Tag: Tahrir Square

In case you haven’t heard, Islamabad is in turmoil right now. Twin marches led by Pakistani-Canadian Imam Tahir ul-Qadri, and cricketer-turned-politican Imran Khan, have turned violent and shaken the government’s foundations. On Saturday night, a crowd of about 25 000 people marched to the Prime Minister’s statehouse, and after some protesters broke in, the police began a crackdown. (More…)

Never mind the quenelle. There’s a new hand sign in Egypt. The Rabia, as it is called, consists of holding up four fingers, with the thumb tucked in, as a protest against military rule. The gesture is Islamist, and refers to the massacre of supporters of deposed president Morsi, which took place in Cairo’s Rabia al-Adawiya Square on August 14th, 2013. (More…)

Few continents have been as lost on the left as Africa. That doesn’t mean there haven’t been openings, however. From the anti-Apartheid movement of the 1980s, to the Arab Spring, there have been plenty of opinions on offer. But, the idea of Africa, as a site of political struggle, between the West, and its inhabitants, is relatively new. That is, to post-Cold War progressive politics. (More…)

Besides their release this year in beautifully packaged vinyl editions, and use of Mediterranean field recordings, Mutamassik’s album Rekkez, and Savage Republic’s Varvakios LP, don’t seem to have a lot in common. However, both come from an aesthetic of fatalistic, yet rebellious, sonic energy, fuelled by an urgency to burst into a future weighed down by ancient history. (More…)

The Syrian civil war has caused an explosion of political graffiti, cartoons, and flyers in the country’s many Diasporas. The following examples, which contain many Syrian slang words, were photographed in Berlin last month. They give an impression of increased bitterness and radicalization directed against an autocrat who, little over a year ago, was said to be unaffected by the Arab Spring. (More…)

Eighteen months ago, we flooded public squares across the Middle East. We sought to situate ourselves against the old order, en-nizaam – the regime. En-nizaam meant more than just Hosni Mubarak and the Supreme Council of the Armed Forces. It referred to an entire way of doing things, one that mired the region in dysfunction when the old empires finally collapsed.  (More…)

Shall I respond violently? No. The bloody mist that hangs above the ancient cities- Jalalabad, Quetta, Peshawar- reeks of vengeance. Shall I grieve endlessly? No. I am weary of perpetual sadness. I will not pout among clouds of opium like the ghosts of Khorramshahr. (More…)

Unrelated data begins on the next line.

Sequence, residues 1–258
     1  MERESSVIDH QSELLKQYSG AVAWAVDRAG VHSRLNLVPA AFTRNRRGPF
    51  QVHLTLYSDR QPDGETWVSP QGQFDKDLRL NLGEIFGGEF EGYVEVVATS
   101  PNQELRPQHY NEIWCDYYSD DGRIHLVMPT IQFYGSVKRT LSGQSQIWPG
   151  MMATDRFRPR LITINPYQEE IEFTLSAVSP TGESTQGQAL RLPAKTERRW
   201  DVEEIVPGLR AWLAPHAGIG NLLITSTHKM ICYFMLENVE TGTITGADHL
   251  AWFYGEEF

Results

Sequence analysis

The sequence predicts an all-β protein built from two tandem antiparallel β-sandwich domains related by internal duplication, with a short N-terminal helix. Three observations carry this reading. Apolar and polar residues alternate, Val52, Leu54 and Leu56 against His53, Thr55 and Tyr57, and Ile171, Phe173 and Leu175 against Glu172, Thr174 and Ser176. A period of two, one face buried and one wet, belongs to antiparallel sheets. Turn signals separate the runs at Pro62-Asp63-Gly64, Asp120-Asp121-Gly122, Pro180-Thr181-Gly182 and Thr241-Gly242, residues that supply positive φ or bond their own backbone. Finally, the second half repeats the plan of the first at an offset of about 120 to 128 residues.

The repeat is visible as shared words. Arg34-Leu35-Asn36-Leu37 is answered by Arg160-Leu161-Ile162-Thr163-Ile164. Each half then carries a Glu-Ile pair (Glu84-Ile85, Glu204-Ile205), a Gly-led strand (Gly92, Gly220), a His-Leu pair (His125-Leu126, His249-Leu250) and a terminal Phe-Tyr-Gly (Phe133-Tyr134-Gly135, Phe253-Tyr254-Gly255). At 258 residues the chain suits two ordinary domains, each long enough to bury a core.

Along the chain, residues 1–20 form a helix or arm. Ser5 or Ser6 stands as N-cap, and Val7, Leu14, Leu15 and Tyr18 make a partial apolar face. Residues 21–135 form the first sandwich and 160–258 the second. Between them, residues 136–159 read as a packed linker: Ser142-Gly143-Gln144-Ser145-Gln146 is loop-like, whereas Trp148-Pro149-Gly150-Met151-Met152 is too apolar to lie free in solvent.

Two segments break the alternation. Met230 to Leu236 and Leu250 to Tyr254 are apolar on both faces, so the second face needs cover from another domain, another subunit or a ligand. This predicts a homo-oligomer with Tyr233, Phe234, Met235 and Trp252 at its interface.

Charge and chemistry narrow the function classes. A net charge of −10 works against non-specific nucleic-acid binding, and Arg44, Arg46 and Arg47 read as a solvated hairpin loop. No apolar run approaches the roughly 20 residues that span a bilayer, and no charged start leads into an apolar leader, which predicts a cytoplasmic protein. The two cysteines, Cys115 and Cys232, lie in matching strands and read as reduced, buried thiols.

I recently traveled to Tahrir Square in order to gain a richer perspective on the Egyptian Revolution. I was in Tahrir for the period immediately after the runoff elections, when the country was gripped with uncertainty regarding its final outcome. The graffiti on Mohamed Mahmoud street has been seen globally. These new designs are particularly evocative of the square’s current atmosphere. (More…)

“Walk like an Egyptian.” “Trafalgar square = Tahrir Square.” Comparisons to the uprising then-underway in Egypt were aplenty at London’s anti-cuts protest in March 2011. No surprise there. For the first time since 1989, revolutionary fervor was crossing national boundaries, challenging authoritarianism in the name of democracy. (More…)

He was a casually dressed man in his fifties. He greeted me colloquially, and asked me if I wanted anything to drink. “I’d love some orange juice,” I responded. Referring to the man behind him, he said: “Watch for the paranoid schizophrenic back there. He’s bothering that couple and they don’t know what to do about it.” (More…)

I was one of thousands protesting all over Cairo last week, and of dozens who spent their weekends in Tahrir Square during the first anniversary of Hosni Mubarak’s February 2011 resignation. The euphoria has faded, and much of the Arab Spring’s optimism has turned to cynicism. However, this is why I believed that February 2012 was the best time to finally travel there. (More…)